In 1956 Roman Jakobson put metaphor and metonymy on equal footing, theoretically, when he coupled them. He noted nonetheless, that metonymy was not attended to as it should have been, and called this a “contiguity disorder”. This study attempts to understand what this disorder might be, and does so by shifting focus away from the couple, metaphor and metonymy, to that of metonymy and synecdoche. It is here, between these two “lesser” tropes, that one can see how metonymy, the trope of contiguity, or the trope of a certain arbitrariness, an untouched touching – a cold intimacy – seems to threaten the desire for wholeness, as represented by synecdoche, with the result that we see how synecdoche attempts to suppress contiguity because of the disorder it creates. This tension takes on a more dramatic twist when synecdoche (and not metaphor) is gendered as male, and metonymy, female.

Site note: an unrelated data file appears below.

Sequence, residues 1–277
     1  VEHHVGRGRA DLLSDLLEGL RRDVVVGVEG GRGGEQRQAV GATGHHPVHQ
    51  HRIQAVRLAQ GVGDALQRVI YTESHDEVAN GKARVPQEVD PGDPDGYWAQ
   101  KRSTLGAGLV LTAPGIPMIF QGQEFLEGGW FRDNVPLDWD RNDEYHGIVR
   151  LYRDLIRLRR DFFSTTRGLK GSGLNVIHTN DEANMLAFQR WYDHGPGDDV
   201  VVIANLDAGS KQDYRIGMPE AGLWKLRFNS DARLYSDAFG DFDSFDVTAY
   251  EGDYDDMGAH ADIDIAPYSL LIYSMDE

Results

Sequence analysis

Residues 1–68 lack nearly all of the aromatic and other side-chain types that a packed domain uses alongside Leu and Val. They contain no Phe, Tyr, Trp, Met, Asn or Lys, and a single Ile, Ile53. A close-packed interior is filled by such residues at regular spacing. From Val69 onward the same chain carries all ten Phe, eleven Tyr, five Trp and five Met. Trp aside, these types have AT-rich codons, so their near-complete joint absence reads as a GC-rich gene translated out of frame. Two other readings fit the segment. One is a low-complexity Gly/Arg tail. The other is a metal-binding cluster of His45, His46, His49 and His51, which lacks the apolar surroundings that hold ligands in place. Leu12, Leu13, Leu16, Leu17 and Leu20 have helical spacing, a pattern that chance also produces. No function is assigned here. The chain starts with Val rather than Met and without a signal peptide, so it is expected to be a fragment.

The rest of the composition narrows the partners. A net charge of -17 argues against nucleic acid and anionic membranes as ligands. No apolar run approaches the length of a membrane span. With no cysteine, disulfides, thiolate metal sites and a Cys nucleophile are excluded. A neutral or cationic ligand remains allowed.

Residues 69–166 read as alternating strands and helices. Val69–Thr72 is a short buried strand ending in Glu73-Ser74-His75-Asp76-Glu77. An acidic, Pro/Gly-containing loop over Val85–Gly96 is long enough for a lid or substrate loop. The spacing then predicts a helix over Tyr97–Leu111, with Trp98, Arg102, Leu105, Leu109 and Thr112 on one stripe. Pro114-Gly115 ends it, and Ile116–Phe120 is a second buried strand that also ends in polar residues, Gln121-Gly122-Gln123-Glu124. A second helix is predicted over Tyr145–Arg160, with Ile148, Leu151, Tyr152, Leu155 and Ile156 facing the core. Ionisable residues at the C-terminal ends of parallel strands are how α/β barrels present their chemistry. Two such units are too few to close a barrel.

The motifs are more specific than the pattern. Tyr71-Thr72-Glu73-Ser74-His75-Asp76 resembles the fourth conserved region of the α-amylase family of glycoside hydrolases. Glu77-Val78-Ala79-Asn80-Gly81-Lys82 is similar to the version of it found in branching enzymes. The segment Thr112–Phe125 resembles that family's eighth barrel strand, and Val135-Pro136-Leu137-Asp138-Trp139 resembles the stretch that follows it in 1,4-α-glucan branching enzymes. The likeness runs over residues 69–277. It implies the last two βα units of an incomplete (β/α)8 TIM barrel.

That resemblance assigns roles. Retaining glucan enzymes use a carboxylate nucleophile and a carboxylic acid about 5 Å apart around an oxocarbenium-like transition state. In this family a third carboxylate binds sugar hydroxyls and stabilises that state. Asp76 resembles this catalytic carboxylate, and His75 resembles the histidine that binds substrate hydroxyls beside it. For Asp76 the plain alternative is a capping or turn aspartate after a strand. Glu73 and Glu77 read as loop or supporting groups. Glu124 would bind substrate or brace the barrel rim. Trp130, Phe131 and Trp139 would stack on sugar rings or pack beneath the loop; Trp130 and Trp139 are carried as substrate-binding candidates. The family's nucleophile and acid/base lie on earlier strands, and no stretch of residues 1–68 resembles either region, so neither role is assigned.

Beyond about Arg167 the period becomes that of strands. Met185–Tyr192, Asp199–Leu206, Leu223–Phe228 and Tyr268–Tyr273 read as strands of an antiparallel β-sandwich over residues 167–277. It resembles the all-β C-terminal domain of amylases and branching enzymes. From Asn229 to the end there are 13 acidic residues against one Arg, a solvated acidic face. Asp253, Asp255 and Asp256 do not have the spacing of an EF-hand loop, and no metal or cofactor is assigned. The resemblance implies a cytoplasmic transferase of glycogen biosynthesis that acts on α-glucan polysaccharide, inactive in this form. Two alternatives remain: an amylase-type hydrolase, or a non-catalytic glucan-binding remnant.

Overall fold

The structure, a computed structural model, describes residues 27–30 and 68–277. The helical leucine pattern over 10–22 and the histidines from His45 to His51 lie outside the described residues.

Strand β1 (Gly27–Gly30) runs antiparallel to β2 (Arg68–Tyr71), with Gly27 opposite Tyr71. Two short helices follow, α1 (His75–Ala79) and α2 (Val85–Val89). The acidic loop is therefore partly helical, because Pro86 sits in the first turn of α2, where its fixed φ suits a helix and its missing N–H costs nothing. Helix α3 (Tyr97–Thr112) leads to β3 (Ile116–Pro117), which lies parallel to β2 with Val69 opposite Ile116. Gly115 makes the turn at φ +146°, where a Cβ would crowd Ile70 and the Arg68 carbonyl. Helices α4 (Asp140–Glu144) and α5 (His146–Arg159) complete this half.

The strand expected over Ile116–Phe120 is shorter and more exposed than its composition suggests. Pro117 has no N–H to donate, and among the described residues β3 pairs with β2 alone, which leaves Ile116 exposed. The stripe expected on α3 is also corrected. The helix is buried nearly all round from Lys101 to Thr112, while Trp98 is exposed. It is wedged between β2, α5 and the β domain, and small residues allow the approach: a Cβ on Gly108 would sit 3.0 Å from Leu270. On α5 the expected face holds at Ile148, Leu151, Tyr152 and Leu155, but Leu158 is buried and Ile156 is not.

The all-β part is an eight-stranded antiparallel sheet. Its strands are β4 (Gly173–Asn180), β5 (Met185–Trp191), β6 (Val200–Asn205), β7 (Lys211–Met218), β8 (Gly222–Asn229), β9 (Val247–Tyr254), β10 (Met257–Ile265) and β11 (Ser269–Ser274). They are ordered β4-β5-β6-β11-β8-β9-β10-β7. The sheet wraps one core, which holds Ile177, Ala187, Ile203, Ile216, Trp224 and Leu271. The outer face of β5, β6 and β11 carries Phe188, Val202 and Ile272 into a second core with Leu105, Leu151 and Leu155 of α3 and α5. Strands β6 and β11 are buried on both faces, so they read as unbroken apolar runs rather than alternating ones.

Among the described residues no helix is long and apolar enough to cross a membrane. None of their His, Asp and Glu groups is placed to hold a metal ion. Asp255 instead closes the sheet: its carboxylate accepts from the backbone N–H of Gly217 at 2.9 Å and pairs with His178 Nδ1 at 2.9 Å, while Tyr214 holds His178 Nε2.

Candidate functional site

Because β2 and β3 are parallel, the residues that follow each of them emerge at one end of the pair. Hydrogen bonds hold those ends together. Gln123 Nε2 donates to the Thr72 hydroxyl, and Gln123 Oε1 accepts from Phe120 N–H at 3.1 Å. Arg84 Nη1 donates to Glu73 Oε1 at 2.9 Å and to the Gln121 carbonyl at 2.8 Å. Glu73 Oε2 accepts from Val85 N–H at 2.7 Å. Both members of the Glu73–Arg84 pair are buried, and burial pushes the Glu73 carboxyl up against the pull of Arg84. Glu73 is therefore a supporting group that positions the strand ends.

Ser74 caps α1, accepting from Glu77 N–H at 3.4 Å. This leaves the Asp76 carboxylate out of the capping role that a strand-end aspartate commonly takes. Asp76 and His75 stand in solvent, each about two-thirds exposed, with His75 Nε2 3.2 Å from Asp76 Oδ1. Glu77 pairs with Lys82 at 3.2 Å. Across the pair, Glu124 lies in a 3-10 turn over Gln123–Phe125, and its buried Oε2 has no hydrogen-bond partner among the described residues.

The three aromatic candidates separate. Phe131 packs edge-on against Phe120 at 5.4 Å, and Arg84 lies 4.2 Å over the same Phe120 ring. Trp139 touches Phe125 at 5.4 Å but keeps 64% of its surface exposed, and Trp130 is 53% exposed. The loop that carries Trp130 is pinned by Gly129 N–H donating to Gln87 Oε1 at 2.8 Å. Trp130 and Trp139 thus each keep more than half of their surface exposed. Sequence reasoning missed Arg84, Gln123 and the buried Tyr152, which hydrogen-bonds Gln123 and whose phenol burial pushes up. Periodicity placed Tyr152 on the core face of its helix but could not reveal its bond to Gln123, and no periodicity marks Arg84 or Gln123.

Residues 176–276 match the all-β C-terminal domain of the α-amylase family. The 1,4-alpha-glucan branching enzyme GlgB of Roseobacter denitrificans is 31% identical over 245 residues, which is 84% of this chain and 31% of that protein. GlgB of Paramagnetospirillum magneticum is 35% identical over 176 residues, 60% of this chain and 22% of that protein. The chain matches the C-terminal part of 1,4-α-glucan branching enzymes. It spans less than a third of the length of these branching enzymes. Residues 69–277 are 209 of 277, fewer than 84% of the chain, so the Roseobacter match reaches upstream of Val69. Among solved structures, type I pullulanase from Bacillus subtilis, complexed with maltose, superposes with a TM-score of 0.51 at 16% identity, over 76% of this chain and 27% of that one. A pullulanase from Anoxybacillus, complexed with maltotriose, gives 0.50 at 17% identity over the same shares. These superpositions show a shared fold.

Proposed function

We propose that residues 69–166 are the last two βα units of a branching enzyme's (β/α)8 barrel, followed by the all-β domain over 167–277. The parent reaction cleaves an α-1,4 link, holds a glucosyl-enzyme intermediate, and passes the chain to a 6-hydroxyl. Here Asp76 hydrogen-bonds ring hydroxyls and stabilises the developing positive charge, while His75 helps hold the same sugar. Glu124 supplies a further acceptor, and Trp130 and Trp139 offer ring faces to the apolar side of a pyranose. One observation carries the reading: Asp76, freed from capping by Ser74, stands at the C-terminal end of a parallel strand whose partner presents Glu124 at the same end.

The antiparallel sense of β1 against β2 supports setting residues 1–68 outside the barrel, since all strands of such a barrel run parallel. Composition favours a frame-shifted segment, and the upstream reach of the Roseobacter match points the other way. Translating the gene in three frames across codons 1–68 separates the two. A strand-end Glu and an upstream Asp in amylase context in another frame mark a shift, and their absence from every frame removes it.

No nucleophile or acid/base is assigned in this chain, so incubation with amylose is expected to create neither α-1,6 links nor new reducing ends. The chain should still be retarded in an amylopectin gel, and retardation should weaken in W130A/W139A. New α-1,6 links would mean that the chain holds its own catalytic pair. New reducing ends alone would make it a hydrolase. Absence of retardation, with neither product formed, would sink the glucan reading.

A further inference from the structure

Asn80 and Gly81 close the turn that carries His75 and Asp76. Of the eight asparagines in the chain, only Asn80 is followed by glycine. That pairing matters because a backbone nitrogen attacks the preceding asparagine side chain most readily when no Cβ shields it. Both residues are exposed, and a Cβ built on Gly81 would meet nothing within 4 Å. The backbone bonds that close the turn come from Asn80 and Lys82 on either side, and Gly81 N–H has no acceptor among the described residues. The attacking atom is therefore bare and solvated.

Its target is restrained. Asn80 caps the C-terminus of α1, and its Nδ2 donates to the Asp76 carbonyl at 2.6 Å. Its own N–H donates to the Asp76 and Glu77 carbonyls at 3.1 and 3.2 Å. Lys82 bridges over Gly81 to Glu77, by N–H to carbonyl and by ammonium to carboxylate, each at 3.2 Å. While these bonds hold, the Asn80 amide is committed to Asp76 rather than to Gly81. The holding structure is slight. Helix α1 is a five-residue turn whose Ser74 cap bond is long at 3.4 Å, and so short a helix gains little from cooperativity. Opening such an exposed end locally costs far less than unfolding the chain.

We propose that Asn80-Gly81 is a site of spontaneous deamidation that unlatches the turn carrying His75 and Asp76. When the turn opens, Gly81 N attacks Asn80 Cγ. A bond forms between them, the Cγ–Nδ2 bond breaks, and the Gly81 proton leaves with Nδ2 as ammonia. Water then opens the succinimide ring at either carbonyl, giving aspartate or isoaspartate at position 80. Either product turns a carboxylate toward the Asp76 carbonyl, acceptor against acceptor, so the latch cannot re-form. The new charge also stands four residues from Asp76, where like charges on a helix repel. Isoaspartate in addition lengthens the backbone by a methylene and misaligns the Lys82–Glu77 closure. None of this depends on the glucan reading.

Table of Contents:
Disorders of Contiguity
1. Principal Aims of this Study
2. Metonymy, Synecdoche, Contiguity – and Gender
3. Jakobson and the Disorders of Contiguity
4. Close Readings
Samuel Porter Whitsitt is an Associate Professor of English at the School of Languages and Literature, Interpretation and Translation of the University of Bologna, Forlì Campus. He teaches courses on literature, and the interrelationship between language and culture. He has published articles on corpus linguistics, language and culture, literature, and film.